Every night, I take my pills and put on my hand cream, my husband and I set our alarms, the lights go out, and one of us says “what’s your good thing?” It’s a bit of a race, since whoever says it first doesn’t have to answer it first, but we do both answer it eventually.
During particularly rough weeks, the answer might be something as simple as “My lunch was pretty good” or “It’s finally Friday.” On more exciting days, I might note that one of my pitches was accepted or an agent requested my proposal and he might mention finishing an arduous project at work or Trump finally being evicted from Twitter (now that was a good thing). Either way, we can always find something good that happened in the 15 or so hours we were awake – even if sometimes it feels a bit like panning for gold.
If you know me (and especially him) at all, you might be surprised we practice this little gratitude ritual. We both loathe toxic positivity and roll our eyes at ‘Live, Laugh, Love’ signs, and gratitude practices often veer into both those camps. I was shocked when, about a year ago now, I told him I was going to start doing this every day and he offered to join me. We’ve been together for six years now, but he still surprises me.
The benefit of our ‘one good thing’ habit isn’t always clear. Plenty of evenings, we seem to kind of plow through it like a chore. But sometimes it’s an opportunity to revel in a truly wonderful moment from that day, or express appreciation for each other, or look back on a crappy day and realize something good did happen. It’s a chance for a perspective shift, without the pressure of requiring it.
I want this newsletter to be a little bit of that: a reflection on some good things, in my life and hopefully in yours as well. So I’ve changed the name (which I kinda hated) and dumped the logo (which I was never particularly confident about), but the content won’t change, really. It’ll still be focused mostly on writing, with a nod to the books I’m reading and a moment of random joy at the end – but the type of content is less important to me than the feeling it gives you.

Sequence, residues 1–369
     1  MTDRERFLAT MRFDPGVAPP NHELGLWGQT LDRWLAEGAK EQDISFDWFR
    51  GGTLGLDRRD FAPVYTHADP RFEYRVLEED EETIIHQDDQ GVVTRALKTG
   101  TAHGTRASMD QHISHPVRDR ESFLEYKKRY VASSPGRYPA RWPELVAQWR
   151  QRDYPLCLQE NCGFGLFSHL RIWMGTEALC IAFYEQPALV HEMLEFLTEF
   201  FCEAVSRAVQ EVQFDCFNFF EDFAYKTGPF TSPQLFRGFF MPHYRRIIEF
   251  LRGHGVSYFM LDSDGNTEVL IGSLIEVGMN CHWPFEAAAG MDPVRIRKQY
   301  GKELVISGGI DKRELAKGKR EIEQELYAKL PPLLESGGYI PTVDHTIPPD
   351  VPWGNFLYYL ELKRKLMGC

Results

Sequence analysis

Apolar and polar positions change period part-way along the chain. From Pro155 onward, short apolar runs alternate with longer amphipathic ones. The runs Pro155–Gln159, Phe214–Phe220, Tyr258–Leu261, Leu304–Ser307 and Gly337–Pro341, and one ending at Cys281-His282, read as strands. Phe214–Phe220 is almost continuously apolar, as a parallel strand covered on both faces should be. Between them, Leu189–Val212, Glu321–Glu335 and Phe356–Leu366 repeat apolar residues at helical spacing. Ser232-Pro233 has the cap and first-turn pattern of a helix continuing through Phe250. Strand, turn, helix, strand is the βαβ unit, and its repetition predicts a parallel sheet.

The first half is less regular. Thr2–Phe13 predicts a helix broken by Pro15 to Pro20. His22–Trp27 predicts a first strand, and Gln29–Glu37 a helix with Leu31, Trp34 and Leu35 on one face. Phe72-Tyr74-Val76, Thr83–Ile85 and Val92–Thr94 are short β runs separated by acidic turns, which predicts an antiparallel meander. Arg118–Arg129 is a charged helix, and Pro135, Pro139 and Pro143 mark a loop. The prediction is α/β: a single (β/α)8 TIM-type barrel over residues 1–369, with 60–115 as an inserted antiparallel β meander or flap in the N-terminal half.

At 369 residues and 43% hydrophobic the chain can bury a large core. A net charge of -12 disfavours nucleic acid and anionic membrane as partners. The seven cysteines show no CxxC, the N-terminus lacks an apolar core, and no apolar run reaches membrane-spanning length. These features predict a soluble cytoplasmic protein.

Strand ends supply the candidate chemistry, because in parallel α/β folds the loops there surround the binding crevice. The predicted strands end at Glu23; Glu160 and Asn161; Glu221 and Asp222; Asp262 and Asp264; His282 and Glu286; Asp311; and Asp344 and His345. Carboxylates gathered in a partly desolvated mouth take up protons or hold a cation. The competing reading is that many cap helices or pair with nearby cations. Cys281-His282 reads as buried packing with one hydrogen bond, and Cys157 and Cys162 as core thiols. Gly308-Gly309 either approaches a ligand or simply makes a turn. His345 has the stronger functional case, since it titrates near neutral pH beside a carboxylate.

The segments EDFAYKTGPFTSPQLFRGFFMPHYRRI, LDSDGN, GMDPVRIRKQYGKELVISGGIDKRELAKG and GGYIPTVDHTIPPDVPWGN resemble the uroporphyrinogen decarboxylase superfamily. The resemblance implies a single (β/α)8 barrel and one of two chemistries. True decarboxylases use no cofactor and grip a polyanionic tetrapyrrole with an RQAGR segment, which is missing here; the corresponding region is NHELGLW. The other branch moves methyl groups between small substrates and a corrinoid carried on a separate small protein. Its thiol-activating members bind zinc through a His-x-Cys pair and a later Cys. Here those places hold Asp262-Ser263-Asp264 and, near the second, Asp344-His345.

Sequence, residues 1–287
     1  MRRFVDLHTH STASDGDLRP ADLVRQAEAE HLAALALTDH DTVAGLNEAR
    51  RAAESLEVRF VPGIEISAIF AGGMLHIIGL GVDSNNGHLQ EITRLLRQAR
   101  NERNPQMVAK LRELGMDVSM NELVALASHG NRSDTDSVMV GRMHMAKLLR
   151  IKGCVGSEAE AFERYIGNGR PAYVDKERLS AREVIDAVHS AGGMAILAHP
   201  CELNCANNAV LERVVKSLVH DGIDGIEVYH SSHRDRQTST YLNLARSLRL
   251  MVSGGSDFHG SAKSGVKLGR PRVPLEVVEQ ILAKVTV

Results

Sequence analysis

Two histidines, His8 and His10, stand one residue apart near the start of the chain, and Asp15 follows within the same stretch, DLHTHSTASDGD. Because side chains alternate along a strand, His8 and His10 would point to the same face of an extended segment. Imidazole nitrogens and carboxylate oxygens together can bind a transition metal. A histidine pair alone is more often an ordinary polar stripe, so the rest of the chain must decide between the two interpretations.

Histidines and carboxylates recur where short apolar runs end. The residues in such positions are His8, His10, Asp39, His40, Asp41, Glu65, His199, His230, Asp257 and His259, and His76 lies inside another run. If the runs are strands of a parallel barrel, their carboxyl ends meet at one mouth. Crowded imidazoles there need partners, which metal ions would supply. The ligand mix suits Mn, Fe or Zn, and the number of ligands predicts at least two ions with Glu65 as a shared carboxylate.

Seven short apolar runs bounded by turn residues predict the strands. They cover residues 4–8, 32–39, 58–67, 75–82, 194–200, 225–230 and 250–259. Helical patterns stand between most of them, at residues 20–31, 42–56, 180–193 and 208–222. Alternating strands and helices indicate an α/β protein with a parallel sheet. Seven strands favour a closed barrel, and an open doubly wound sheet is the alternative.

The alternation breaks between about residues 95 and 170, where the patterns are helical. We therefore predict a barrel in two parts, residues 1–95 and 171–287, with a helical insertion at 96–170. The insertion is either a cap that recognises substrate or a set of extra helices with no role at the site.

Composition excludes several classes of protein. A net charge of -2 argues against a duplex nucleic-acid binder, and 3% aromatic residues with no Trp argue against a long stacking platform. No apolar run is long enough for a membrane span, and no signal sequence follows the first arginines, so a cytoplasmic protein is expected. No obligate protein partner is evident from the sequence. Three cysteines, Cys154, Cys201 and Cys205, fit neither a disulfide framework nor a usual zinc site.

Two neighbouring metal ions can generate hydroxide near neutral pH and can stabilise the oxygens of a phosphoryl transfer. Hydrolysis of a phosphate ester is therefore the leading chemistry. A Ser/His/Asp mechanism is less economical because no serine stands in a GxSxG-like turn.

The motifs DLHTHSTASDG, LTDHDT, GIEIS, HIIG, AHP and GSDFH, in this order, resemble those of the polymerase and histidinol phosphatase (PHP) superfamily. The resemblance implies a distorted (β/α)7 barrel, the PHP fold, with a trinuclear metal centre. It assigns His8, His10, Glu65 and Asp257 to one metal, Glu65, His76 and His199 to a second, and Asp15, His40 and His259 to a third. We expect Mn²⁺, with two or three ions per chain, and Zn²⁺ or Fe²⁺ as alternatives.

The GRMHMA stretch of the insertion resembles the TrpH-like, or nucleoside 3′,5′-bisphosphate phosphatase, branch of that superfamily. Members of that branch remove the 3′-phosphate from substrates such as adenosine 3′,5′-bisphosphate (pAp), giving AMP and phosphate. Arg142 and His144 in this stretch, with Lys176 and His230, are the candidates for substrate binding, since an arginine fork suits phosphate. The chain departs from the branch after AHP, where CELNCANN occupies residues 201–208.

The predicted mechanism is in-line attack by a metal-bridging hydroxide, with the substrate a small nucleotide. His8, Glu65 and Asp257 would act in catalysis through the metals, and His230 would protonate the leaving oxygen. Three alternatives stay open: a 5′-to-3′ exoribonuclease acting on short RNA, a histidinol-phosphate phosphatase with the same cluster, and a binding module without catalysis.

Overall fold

I hope it can be one of the little good things in your day.
My first paid pitch commission went live this week: an essay about how the sizing practice of One Size Fits Most (née All) is harmful to us all. I loved writing this – the editor really encouraged me to dig into my natural voice, and she also helped me deepen and expand my perspective. I did have to push through a lot of anxiety about baldly stating my size (and the many other sizes I’ve worn throughout the years), but, as usual, the vulnerability was worth it.
I also adapted my guest post on the Fairest newsletter into a Medium article about how to find a writing community. If you’re on Medium, I’d love to connect over there!
What I’m Reading:
I frequently have an audiobook and an e/print book going at the same time. Right now I’m listening to So You Want to Talk About Race, by Ijeoma Oluo – I’m late to the party on this book, but not on Oluo, whom I’ve been following on social media and reading for years. Her book is excellent, and I’ll try not to sleep on her new one: Mediocre. As for print/e, I’m juggling a couple of titles at once there too. I’m about 1/3 of the way into Trick Mirror, by Jia Tolentino, and while it’s great it also gives me some major essayist insecurity, so I’m taking it slowly and alternating with The Office of Historical Corrections, by the extremely talented Danielle Evans. Oh, and I just finished Anne Lamott’s Bird by Bird for my writers’ book group, and I was pleasantly surprised by how much I liked it!
A Random Joy:
In a bid to fight the sloth that my year of anemia started and the pandemic cemented, I’ve started a new habit of taking a 20-30 minute walk around our neighborhood every day. This has not only improved my mood and given me a recurring opportunity to listen to my audiobook, but it’s also reminded me what an architecturally diverse and charming area we live in – just look at the entrance to this nearby park!
Now if only we could afford the time and money to mimic the stunning landscaping our neighbors have mastered…maybe someday our yard won’t look so raggedy!